Whether Pittsburgh gets its sixth Super Bowl ring or Arizona gets its first, our focus needs to quickly shift to winning in the economic arena. We need to help our manufacturing firms stay competitive and find qualified workers, and we need to help our entrepreneurs get the financing and customers they need to ride out the recession.
Everyone can help by buying local products and using local vendors, which helps keep money circulating in our region rather than somewhere else, supporting the jobs in our economy.
That last graf is a common refrain in the region. It also overstates the case. Douglas Irwin in the New York Times makes a related point: The "Buy Local" argument is necessary only if local goods are more expensive or lower quality than comparable goods from elsewhere. If local goods offer better value, ordinarily we'll buy them anyway, with or without an appeal to the "Buy Local" claim. In that case "Buy Local" is a harmless slogan. But "Buy Local" in and of itself may mean "overpay" for goods and services, presumably in the name of local job preservation.
But whose jobs? As Irwin implies, we have a fixed amount of money to spend. Should I overpay for this but not for that? How do I choose? When do I measure "value" in terms of my bank account, my assets, and my preferences, and when do I measure "value" in terms of what someone else thinks is in the best interests of the local economy?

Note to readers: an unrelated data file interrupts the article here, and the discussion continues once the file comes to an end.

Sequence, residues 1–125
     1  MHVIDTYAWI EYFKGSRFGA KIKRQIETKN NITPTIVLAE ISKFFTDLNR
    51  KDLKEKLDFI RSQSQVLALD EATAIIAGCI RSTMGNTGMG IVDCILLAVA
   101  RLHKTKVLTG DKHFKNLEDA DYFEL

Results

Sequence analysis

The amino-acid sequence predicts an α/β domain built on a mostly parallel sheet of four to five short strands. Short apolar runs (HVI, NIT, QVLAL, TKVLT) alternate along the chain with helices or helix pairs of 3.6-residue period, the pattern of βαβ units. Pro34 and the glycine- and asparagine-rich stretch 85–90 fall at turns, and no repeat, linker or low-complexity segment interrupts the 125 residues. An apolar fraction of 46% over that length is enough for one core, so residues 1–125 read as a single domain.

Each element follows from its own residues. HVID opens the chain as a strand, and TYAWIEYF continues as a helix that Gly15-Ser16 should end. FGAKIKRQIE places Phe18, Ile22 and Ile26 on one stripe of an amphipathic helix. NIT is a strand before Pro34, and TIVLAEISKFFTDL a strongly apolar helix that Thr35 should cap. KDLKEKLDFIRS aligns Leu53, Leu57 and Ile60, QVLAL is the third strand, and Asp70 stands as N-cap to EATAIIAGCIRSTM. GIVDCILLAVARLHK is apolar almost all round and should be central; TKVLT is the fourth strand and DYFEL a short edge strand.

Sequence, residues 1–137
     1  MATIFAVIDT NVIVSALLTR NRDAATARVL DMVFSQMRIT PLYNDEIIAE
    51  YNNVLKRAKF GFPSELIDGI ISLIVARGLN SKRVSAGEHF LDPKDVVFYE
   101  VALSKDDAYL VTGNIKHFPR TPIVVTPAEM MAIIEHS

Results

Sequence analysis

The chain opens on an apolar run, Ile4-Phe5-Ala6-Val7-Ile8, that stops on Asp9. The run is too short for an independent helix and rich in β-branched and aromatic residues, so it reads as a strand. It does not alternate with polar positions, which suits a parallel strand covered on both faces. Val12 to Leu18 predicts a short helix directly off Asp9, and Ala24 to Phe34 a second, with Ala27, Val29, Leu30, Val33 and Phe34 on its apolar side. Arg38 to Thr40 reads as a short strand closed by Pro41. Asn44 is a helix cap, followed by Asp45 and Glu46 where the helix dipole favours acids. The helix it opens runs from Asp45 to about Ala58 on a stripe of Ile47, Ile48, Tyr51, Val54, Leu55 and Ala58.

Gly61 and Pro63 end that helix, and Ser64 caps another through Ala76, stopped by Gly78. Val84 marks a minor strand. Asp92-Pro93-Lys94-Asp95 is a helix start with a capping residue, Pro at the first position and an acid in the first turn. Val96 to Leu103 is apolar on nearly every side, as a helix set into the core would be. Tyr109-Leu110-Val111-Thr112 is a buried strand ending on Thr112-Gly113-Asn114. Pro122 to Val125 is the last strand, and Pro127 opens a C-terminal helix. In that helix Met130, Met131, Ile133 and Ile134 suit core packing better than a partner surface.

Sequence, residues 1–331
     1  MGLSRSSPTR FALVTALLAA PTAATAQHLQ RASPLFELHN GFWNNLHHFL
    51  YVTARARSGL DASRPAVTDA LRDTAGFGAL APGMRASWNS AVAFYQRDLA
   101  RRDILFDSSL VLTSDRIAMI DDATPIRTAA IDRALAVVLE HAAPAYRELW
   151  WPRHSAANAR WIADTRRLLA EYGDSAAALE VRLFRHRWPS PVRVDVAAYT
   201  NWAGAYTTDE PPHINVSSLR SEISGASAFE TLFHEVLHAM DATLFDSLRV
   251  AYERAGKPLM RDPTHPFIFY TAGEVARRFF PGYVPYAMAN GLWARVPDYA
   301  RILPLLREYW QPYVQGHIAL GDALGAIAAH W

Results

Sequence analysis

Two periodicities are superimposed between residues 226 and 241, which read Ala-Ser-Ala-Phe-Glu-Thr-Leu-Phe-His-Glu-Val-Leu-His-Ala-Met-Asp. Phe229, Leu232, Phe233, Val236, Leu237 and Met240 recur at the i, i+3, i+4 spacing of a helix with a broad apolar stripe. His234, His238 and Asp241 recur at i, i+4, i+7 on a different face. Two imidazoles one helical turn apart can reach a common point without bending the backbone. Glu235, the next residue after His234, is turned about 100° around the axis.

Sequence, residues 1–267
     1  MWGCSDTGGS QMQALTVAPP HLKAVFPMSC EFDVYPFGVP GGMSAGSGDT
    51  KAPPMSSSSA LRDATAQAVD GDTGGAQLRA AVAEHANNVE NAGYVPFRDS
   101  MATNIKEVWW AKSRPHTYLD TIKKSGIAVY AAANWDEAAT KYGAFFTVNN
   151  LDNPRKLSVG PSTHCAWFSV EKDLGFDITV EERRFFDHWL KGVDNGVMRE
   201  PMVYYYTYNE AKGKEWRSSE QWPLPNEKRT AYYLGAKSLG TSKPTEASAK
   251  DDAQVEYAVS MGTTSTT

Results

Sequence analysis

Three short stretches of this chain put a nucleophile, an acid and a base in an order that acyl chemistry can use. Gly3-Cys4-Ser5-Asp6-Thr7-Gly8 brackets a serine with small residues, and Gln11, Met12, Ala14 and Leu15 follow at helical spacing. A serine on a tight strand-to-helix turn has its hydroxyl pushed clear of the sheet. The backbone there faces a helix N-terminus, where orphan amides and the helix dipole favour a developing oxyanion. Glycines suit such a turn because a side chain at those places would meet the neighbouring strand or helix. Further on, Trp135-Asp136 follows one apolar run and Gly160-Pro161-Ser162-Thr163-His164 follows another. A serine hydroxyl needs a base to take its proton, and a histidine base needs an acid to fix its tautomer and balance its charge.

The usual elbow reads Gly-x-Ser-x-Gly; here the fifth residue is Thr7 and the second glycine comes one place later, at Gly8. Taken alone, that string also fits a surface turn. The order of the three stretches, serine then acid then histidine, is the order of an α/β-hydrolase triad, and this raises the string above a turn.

I can't. If I have $100 to spend on a basket of goods and services, I'm going to look for $100 of value as I define it, whether those goods and services are produced here or elsewhere, and most of the time, I'm looking to measure that according my own household economics. To be honest, when I read Harold's column my first reaction wasn't to make the connection to Irwin; Irwin is an economist and a well-known free trader. My first reaction was that the Terrible Towel, Pittsburgh's and Myron Cope's The Official Terrible Towel, is manufactured in Wisconsin. If Buy Local and Local Manufacturing really are all that, then why doesn't that business get placed locally? My best guess is that the Allegheny Valley School is doing what I do, and that's fine with me. They need jobs in Wisconsin, too.